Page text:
Soulignons enfin que certains pays où le mercure est beaucoup utilisé dans l’extraction artisanale d’or à petite échelle, comme l’Inde, le Suriname et les Philippines, n’ont pas encore ratifié le traité.
En dépit de ses faiblesses, le traité témoigne de la volonté de la communauté internationale d’agir contre les effets nocifs du mercure. C’est une initiative précieuse, mais ce n’est qu’une première étape.
The cost of energy in the UK is once again a hot topic. During the party conference season, Nicola Sturgeon, the first minister of Scotland, announced that the Scottish government will set up a publicly owned, not for profit energy company. Labour’s Jeremy Corbyn restated his wish to nationalise utility companies to “stop the public being ripped off”. And the Conservative prime minister Theresa May promised to fix the “broken” energy market, in part by imposing a cap on some domestic energy prices.
The UK government swiftly followed this season of rhetoric with two supporting policy announcements. It has drawn up draft legislation to set an energy price cap, although this may take until the winter of 2018/19 to be enacted. Second, it has published a clean growth strategy, which promises “cleaner air, lower energy bills, greater economic security and a natural environment protected and enhanced for the future”.
It’s not easy to address the social, environmental and economic dimensions of domestic energy in one go, as these different goals interact with each other. For example, a price cap clearly makes energy more affordable, but it doesn’t reduce the amount of energy needed or used. While the sheer price of energy is problematic for many people, so too is inefficient housing which increases bills and associated greenhouse gas emissions.
The clean growth strategy addresses this by reconfirming a commitment to require large energy companies to install efficiency measures such as insulation and heating systems. This scheme, the energy company obligation (ECO), now has £3.6 billion in funding through to 2028. It aims to help 2.5m fuel-poor households. Alongside stricter regulations within the private rented sector, the ECO is intended to upgrade all fuel-poor homes to a decent standard by 2030.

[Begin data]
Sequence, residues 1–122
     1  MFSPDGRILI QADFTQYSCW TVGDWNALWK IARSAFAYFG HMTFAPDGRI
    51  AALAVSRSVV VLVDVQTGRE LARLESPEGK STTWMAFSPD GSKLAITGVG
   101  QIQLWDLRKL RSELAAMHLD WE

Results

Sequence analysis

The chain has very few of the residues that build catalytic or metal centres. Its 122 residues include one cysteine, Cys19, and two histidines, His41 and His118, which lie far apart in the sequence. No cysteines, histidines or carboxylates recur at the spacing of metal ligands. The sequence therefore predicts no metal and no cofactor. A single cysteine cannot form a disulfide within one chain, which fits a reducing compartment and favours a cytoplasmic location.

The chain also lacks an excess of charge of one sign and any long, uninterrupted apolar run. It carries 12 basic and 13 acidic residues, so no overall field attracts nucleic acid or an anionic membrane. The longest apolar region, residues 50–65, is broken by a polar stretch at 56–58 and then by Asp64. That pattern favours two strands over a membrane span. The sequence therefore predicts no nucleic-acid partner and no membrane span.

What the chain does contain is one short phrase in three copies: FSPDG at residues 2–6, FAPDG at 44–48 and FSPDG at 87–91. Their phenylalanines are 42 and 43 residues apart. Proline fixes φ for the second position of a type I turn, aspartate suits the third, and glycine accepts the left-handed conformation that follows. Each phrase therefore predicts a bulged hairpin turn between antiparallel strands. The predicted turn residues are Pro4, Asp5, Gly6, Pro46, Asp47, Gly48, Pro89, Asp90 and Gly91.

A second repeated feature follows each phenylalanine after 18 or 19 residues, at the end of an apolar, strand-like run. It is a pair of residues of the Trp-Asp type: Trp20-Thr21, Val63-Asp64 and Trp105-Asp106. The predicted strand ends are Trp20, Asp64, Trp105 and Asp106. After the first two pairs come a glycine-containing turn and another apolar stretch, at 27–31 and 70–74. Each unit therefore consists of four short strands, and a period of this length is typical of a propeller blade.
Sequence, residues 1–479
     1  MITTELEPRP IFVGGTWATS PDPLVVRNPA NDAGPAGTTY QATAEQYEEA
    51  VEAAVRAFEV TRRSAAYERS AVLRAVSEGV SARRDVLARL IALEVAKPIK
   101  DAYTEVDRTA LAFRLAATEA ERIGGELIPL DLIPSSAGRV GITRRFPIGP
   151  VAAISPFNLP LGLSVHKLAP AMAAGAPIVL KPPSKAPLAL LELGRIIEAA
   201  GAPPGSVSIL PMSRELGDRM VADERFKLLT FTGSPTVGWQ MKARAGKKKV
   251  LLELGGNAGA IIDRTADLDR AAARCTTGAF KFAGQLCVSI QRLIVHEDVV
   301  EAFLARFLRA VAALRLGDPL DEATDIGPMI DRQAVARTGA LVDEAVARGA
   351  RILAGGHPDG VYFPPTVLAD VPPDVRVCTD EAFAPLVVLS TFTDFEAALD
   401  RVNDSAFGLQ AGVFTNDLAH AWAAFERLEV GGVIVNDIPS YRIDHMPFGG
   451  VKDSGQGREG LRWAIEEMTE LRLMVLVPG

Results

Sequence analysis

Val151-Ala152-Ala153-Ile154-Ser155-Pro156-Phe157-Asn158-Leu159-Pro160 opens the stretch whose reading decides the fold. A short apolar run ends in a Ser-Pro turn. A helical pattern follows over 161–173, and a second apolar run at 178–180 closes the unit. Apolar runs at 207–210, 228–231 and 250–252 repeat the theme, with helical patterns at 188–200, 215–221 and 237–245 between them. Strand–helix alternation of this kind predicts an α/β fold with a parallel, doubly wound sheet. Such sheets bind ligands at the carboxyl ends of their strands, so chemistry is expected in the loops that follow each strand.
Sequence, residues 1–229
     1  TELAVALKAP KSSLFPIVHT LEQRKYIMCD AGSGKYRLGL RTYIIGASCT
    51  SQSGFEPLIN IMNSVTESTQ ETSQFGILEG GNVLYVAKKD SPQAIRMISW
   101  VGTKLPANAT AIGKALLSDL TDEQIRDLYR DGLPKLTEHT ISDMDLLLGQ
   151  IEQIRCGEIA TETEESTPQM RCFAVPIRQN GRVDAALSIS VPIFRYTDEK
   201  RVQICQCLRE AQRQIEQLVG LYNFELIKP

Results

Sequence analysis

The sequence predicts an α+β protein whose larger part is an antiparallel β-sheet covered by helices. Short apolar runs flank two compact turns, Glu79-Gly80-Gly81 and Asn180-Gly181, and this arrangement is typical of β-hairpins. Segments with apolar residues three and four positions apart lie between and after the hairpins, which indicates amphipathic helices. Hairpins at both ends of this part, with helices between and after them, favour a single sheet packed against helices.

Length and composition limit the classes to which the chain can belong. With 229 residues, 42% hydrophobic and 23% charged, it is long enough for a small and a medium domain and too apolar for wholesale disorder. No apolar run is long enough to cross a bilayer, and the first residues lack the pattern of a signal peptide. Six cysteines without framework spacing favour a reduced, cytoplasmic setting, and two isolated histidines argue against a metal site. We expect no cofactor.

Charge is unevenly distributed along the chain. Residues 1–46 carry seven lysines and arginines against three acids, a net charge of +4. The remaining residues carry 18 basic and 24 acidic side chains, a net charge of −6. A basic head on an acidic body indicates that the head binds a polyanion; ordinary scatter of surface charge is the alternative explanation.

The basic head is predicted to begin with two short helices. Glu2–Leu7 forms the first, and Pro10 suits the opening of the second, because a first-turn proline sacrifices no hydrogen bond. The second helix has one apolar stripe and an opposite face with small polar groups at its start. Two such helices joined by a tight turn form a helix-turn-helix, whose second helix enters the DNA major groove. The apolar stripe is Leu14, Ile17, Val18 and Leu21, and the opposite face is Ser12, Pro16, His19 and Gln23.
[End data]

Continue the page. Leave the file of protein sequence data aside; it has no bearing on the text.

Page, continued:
But it’s worth putting the rhetoric and promises of these policy announcements into context. Help for people in fuel poverty has decreased since 2010, largely due to the coalition government abandoning publicly funded schemes in England in favour of privately funded energy supplier obligations like ECO. Though social and environmental policies do add to fuel bills, policymakers assume that this increase is more than offset by people using less energy thanks to efficiency savings.
In our research we are currently looking at whether ECO is an effective way to address affordability and energy efficiency in vulnerable people’s homes. England is the only one of the four UK nations that relies solely on this market-driven scheme, so it’s important to evaluate its impact. We recently highlighted a number of potential problems, and solutions. To begin with, only certain people are eligible. Proxies such as welfare benefits, demographics and postcodes are used, but they can arbitrarily exclude households on the margins of these measures who may indeed be vulnerable.
People also struggle to upgrade their homes if the work does not enable a certain amount of carbon savings at a certain price. In other words, private companies are likely to prioritise meeting their statutory obligations rather than findings and helping the most vulnerable households. Even for those that do secure funding, it’s at best a long and complicated process. Some upgrades are never completed because installers are not equipped to manage the needs of people with, for example, disabilities or mental health conditions.